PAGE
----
A Guide to Types of Water Treatment

Water softeners and limescale treatments:

Electronic or Magnetic Water Descalers

These devices operate by wrapping coils of wire or fixed magnets around the incoming water main to pass a magnetic field through the water. The causes the calcium in the water to stay in solution, thereby inhibiting it from adhering to taps, baths and kettles. Electronic descalers typically operate with one coil, but a few (such as Eddy) use two. This feature increases the time for which the water is exposed to the magnetic waveform.

Water Softeners

A water softener works on the principle of cation (ion exchange) in which ions of the hardness minerals (such as calcium and magnesium) are exchanged for sodium or potassium ions, effectively reducing the concentration of hardness minerals to tolerable levels. Water softeners add a slight amount of salt to the water, which has the effect of greatly reducing the amount of dissolved limescale (which is released when the water is heated). They are suitable for dishwashing or laundry, or other purposes where the water is not directly used for consumption. The least expensive form of water treatment, it can lead to streaking of glasses in glass washers and over time, the salt can corrode welds on internal pipe-work.

There are three basic types of ion transfer softeners available on the market:

Automatic Softener

This type of softener is connected to a clock timer, which at certain time intervals begins the renewal process by flushing out the hard ions stuck to the resin and replacing them with the soft ions. This then allows for a constant exchange of hard and soft ions throughout the day.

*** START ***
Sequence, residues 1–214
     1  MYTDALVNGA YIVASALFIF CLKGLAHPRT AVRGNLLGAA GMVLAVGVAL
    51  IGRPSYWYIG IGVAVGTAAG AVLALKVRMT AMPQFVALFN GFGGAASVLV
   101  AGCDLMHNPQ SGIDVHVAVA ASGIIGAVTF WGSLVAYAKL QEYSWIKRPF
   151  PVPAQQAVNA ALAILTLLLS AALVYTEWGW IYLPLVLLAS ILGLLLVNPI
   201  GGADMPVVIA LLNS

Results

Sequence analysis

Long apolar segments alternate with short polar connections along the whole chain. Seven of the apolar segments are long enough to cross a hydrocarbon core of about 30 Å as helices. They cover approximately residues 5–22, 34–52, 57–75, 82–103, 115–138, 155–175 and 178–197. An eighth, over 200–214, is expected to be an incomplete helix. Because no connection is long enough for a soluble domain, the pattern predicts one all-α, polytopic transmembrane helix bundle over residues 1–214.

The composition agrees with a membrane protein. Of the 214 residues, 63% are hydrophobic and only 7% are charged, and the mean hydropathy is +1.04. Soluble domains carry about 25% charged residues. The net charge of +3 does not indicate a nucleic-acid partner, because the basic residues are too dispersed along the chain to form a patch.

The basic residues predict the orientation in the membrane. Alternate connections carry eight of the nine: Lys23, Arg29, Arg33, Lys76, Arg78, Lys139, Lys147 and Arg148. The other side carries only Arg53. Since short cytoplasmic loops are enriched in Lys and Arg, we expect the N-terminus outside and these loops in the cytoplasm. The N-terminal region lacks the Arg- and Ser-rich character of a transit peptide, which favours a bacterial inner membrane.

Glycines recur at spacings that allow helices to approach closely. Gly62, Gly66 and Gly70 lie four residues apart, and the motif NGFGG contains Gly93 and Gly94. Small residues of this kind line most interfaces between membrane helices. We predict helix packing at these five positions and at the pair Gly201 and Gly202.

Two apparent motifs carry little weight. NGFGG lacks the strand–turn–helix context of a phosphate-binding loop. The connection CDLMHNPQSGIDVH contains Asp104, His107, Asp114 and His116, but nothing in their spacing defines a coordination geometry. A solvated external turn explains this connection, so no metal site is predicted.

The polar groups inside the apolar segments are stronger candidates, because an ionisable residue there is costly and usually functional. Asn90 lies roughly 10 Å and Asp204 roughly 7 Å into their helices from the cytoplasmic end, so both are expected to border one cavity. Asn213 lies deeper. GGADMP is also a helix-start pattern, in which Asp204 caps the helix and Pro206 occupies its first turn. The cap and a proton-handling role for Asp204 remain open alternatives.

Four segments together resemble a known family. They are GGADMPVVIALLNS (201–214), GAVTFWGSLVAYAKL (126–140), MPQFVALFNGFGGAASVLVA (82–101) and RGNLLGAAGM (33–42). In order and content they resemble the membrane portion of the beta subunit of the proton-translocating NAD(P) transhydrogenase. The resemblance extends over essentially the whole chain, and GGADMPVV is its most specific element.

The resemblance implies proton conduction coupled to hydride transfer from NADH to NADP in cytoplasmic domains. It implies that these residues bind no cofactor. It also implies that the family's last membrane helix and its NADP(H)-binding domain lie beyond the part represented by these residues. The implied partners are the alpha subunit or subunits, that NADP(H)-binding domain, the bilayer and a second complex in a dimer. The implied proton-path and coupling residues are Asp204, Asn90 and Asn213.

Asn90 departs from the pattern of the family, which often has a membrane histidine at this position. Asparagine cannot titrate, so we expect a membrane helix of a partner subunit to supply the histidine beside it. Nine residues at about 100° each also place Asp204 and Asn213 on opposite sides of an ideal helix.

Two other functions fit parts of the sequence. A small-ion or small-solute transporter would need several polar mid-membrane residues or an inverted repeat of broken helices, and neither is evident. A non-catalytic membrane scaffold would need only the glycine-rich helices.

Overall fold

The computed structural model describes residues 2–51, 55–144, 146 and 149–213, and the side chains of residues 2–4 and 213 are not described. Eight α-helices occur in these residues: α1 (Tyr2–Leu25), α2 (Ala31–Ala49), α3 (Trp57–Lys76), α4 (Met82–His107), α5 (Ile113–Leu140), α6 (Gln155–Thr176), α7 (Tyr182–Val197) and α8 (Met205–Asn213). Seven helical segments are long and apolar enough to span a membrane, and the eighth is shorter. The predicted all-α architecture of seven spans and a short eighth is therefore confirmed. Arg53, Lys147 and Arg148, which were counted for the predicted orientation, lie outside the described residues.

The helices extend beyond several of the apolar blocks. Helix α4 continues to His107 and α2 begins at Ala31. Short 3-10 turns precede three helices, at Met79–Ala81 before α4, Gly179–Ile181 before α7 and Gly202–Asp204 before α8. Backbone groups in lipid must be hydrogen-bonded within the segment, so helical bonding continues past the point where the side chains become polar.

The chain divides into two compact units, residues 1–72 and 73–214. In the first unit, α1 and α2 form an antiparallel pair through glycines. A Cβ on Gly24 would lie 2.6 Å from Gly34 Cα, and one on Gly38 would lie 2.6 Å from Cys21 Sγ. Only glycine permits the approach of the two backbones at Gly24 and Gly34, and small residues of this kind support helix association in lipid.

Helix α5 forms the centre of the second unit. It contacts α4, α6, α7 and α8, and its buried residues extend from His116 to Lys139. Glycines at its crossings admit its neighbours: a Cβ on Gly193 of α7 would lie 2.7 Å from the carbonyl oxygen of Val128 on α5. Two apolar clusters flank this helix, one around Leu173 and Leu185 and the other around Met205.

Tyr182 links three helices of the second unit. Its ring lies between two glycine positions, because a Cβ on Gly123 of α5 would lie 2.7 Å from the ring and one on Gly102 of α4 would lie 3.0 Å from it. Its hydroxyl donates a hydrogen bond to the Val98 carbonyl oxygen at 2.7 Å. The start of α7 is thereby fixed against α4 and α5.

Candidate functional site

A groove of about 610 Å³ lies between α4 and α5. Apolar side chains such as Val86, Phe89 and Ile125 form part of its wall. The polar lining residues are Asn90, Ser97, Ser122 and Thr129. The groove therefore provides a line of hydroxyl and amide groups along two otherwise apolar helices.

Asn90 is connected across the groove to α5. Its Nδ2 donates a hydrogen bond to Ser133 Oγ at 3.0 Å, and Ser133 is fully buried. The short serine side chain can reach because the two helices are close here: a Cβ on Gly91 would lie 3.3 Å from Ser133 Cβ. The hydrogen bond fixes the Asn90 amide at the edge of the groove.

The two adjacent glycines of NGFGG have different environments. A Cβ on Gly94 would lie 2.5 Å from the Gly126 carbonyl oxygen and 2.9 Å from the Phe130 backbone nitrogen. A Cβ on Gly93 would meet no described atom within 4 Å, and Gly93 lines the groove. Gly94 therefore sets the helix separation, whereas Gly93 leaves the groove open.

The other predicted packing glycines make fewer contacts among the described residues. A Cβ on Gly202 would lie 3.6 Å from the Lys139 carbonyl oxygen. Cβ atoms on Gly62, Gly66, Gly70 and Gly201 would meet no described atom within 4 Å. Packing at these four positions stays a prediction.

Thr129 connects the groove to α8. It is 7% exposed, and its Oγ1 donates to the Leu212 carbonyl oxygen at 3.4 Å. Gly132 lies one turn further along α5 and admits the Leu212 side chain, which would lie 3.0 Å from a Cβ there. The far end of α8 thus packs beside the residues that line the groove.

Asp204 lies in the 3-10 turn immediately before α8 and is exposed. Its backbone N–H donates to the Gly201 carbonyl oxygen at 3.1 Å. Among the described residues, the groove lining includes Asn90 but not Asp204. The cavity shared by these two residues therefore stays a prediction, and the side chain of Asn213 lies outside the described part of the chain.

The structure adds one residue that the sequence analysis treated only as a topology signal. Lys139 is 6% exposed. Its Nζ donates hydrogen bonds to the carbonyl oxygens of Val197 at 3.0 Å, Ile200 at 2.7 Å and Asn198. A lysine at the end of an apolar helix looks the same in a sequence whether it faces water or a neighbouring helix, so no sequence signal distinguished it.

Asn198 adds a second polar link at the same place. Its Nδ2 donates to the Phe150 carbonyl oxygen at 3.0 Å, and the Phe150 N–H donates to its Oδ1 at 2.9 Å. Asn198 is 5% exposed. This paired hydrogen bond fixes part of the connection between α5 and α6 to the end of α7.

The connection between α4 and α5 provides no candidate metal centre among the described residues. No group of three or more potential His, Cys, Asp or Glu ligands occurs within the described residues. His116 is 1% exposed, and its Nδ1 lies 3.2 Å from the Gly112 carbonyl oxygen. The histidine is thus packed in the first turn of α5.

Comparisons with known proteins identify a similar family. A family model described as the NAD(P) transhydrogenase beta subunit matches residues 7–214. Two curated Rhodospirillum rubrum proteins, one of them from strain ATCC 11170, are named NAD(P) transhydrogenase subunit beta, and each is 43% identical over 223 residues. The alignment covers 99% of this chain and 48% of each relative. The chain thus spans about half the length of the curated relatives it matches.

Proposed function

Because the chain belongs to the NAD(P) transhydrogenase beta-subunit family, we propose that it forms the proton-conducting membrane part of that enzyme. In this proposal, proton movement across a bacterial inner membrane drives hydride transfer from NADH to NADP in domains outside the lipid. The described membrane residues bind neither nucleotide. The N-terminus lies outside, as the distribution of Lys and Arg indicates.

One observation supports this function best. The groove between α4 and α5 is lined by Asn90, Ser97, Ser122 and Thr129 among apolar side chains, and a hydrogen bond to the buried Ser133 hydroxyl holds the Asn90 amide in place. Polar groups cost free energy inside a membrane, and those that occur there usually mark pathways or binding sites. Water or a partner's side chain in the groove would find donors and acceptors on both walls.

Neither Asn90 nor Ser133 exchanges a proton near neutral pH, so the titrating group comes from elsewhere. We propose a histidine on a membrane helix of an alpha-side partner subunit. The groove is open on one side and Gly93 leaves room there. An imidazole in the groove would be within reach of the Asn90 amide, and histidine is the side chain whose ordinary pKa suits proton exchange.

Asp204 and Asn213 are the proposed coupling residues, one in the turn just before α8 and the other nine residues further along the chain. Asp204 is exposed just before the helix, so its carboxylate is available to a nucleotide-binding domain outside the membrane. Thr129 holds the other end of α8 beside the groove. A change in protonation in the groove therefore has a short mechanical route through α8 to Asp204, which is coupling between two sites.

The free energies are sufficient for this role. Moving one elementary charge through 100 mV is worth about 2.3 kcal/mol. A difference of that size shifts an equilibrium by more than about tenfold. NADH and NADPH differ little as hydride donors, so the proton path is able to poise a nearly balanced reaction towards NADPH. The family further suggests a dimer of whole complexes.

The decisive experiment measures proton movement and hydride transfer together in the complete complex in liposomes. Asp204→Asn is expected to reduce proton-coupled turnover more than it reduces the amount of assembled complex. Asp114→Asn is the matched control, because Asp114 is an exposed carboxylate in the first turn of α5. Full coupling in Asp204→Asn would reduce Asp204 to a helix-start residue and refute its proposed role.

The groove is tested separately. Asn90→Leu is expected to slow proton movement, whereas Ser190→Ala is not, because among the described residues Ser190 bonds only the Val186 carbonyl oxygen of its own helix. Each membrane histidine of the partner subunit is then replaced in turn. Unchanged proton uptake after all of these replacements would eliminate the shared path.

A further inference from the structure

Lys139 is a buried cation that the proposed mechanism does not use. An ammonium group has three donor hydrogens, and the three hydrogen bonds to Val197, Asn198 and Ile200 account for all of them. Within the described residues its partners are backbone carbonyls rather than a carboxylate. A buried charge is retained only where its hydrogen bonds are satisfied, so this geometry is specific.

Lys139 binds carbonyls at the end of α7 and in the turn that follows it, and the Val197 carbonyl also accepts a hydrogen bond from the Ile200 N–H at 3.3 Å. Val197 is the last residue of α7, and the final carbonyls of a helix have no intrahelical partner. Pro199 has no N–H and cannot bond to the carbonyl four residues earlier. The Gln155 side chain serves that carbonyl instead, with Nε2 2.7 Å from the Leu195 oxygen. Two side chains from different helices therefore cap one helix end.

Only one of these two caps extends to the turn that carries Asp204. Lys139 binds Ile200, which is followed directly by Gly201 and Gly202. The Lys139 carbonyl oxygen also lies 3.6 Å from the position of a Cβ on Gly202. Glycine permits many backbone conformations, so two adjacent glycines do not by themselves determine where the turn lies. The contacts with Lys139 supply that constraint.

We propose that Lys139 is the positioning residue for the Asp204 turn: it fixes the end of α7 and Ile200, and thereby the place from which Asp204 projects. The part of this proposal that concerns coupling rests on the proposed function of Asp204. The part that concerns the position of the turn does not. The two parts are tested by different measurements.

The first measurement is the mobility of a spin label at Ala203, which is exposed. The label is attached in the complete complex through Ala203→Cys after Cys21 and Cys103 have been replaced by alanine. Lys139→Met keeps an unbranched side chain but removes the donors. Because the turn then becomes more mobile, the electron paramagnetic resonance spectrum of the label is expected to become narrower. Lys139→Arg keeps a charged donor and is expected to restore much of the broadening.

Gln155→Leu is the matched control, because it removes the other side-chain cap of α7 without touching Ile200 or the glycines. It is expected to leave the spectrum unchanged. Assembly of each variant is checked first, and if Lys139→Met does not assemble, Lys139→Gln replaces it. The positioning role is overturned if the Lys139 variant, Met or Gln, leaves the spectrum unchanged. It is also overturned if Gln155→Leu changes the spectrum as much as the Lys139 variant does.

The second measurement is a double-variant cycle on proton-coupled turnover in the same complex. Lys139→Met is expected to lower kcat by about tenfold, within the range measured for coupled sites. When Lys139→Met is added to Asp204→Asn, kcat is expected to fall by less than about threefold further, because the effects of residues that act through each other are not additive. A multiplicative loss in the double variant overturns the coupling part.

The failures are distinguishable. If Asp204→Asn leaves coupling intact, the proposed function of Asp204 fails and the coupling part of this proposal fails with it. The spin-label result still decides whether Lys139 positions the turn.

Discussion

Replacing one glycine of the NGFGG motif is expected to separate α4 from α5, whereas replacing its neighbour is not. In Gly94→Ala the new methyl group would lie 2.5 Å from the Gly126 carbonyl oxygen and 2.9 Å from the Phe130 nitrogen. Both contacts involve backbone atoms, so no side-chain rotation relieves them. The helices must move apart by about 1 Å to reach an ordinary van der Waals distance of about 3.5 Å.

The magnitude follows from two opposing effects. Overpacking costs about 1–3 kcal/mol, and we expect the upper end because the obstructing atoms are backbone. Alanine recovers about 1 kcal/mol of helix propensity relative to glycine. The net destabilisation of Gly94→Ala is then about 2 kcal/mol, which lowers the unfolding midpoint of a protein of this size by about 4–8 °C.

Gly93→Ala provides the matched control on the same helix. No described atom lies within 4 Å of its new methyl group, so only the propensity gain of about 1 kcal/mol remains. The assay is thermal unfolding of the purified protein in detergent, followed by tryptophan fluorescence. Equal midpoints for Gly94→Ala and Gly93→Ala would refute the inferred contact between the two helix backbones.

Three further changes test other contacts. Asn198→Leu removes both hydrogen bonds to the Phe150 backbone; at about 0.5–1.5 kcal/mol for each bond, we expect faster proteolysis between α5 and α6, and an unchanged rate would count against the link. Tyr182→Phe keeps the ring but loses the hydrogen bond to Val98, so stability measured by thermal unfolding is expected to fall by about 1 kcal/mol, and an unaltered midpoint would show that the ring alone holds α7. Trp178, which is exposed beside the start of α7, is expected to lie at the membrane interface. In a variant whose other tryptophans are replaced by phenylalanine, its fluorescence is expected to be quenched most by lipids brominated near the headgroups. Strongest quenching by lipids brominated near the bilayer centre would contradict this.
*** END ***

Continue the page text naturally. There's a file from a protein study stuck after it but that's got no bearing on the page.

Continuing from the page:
Demand Initiated Regeneration (DIR)

With a DIR, regeneration occurs only when soft water has run out. Since this system adjusts to the amount of water utilized as opposed to the automatic type, it uses less salt and water and is more efficient.

Portable Exchange

Here, a tank is rented to the homeowner and has a regenerated resin. When the resin can no longer exchange ions, the tank is returned to the company, where it is regenerated.

Water filtering and disinfection:


Both municipal systems and households usually disinfect water by adding chlorine. Chlorination does not remove nitrate or other chemicals, but may oxidize organics and some other minerals such as iron. Chlorine metering pumps have to be calibrated and maintained carefully. Using a carbon filter after chlorination removes any excess chlorine and chlorine-based chemicals that may form.Distillation Units

Distillation removes most impurities from water, including minerals such as sodium, nitrate, and sulfate, and many organic chemicals. Distillation units boil water to generate steam, which is then condensed and collected as purified water. Most impurities remain in the heating chamber and should be periodically removed. Units vary from the kitchen countertop size to larger units.

De-alkalising Units

These units are essentially remove the hardness are are commonly reffered to as calcium treatment units. De-alkalising units are suitable for steamers, combi-ovens, icemakers beverage machines and vending machines.

De-mineralisation Units

De-mineralisation removes almost all the dissolved minerals and hardness in the water. These units are useful for glass washers where there has been a history of smearing on glasses due to high levels of dissolved salts in the washing water.

Activated Carbon Filters